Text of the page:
On paper, it may well be that today’s rich own far more than those of the past. And when it comes to access to amenities like good toilets and dentistry, Thomas Jefferson may have even been closer to his slaves than today’s rich are to today’s poor.

But today’s rich are far more constrained by laws and customs than the monarchs, aristocrats and merchant princes of the premodern past. Sir Walter Raleigh had far more freedom in dealing with his revenues from his Cornish tin monopoly than Bill Gates has with the disposition of his billions. And speaking of premodern Europe, Britain’s Cardinal Wolsey and France’s Cardinal Richelieu — to name only two chief ministers — enjoyed personal armies and retinues of servants in the hundreds and lavish lifestyles, even if they lacked indoor plumbing and cellphones.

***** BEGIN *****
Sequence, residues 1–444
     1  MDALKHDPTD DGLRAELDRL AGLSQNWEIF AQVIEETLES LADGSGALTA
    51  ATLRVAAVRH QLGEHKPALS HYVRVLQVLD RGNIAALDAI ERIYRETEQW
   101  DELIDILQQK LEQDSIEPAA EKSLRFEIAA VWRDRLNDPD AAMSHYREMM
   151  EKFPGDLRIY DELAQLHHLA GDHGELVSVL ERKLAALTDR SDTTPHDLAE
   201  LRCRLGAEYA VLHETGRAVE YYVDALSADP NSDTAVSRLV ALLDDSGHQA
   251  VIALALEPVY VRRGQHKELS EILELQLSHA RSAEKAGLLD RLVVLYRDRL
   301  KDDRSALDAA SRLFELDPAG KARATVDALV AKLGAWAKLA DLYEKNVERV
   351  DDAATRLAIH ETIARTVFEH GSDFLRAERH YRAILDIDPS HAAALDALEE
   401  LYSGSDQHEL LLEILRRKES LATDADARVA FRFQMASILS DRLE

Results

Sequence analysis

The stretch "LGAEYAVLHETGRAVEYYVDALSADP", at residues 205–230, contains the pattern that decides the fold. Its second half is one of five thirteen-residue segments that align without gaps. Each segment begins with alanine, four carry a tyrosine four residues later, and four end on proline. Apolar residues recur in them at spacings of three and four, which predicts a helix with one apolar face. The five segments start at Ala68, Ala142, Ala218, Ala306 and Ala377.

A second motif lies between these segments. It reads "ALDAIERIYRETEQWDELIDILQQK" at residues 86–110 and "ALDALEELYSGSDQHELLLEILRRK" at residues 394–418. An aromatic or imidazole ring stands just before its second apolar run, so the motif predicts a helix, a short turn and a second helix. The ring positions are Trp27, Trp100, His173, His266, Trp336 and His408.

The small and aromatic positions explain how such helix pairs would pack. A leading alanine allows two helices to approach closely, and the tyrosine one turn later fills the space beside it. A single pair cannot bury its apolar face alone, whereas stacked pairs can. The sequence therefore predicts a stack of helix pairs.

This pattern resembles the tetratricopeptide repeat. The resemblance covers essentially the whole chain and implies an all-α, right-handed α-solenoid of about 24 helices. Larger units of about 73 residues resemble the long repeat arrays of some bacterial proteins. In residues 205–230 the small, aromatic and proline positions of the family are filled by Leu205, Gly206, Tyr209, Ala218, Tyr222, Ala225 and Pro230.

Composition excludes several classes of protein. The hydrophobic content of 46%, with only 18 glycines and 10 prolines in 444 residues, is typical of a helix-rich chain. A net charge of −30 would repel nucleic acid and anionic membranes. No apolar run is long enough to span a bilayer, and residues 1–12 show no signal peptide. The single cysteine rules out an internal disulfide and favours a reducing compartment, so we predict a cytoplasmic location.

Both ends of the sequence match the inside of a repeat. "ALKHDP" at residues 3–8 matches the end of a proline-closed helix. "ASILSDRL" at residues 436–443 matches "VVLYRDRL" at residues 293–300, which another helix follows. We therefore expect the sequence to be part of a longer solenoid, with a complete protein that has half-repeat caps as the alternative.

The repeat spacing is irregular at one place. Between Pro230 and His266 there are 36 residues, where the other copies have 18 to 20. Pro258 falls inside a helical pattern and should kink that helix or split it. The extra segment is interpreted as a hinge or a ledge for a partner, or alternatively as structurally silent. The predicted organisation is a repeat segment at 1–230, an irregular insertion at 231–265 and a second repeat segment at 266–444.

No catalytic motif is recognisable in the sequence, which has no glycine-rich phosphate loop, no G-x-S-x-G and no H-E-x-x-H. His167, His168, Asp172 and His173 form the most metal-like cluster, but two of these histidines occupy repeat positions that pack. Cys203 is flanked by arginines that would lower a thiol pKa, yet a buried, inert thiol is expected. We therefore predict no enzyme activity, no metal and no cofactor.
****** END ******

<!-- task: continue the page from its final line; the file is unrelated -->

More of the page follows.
What is more, purported measures of the global 1 percent that conflate different species of the rich in radically different societies — self-made entrepreneurs, bankers dependent on government bailouts, crony capitalists in autocratic regimes, and members of the political elite in petrostates — are not worth the press releases that tout them. Chinese Communist Party princelings, who owe their manufacturing-based wealth to family connections and corruption, have little or nothing in common with Saudi aristocrats — who in turn came by their wealth by methods different from those used by generals in some military dictatorships who are paid by dictators out of the loot derived from plundering the population. And the minority of the global rich who more or less earned their wealth — by founding a business that provides a good or service that people want to pay for — belong in a separate category altogether from aristocrats who inherited their wealth or kleptocrats who manipulated government connections.